European governments worried about the rapid spread of the Delta coronavirus variant are nudging, and in some cases pushing, people to get a shot by introducing restrictions to daily life for those without a Covid-19 vaccination.
In most cases, vaccination still isn’t obligatory, with a few exceptions such as healthcare workers in Italy. Yet by closing off the unvaccinated from aspects of daily life such as indoor dining at restaurants or going to the gym, governments are looking to make life more difficult for people holding out against getting vaccinated.
The governments have the dual objective of overcoming hesitancy among people who don’t have a hard-core ideological stance against vaccinations, while stemming the need for new lockdowns that would damage European economies. Politicians and public-health officials are pushing the idea that vaccination equals more individual liberty, not less.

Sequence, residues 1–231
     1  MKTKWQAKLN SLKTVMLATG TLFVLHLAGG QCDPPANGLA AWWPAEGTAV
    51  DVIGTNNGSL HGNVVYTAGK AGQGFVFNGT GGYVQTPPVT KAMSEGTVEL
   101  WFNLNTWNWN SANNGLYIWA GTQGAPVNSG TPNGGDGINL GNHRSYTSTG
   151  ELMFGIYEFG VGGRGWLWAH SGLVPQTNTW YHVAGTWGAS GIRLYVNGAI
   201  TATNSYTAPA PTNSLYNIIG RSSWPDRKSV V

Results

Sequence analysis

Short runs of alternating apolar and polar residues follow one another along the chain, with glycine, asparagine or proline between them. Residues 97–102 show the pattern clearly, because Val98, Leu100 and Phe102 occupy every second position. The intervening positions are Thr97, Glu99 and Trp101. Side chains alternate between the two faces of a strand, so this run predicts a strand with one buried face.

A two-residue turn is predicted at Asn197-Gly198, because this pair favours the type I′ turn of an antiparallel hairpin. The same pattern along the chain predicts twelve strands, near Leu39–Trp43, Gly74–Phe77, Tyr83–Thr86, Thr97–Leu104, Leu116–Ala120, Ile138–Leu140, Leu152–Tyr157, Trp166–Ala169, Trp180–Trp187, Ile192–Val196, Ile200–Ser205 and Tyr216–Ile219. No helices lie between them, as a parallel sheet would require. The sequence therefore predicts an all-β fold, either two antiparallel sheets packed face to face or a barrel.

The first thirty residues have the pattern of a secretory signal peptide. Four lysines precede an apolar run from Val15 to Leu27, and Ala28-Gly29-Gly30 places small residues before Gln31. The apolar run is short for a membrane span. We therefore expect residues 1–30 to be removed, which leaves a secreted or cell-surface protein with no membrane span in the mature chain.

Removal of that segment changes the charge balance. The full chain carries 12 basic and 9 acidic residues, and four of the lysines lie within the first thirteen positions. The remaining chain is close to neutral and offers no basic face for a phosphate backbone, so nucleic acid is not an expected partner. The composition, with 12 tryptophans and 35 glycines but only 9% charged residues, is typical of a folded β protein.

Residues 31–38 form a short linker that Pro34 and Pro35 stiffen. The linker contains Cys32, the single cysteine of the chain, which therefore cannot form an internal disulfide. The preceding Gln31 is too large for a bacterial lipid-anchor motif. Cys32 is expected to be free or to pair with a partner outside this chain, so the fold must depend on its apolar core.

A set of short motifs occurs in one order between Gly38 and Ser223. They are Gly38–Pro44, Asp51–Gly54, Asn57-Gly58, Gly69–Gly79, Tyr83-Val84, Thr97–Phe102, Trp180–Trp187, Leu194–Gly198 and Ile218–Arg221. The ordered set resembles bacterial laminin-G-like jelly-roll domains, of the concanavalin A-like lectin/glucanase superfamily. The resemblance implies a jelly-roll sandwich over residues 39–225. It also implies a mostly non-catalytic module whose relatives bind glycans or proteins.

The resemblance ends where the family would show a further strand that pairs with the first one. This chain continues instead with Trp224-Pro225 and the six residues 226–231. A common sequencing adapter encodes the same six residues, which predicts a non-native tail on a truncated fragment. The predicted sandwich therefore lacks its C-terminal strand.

The tool being used in most European Union countries to separate the vaccinated from the holdouts is the digital Covid-19 certificate, which has different monikers in different nations.
The certificates, called green passes in Italy and health passes in France, were designed principally to facilitate travel between countries, but now have found an expanded use. They have a unique QR code and can be printed or stored on a mobile phone. In most countries, they can also be accessed through official coronavirus contract-tracing mobile-phone apps.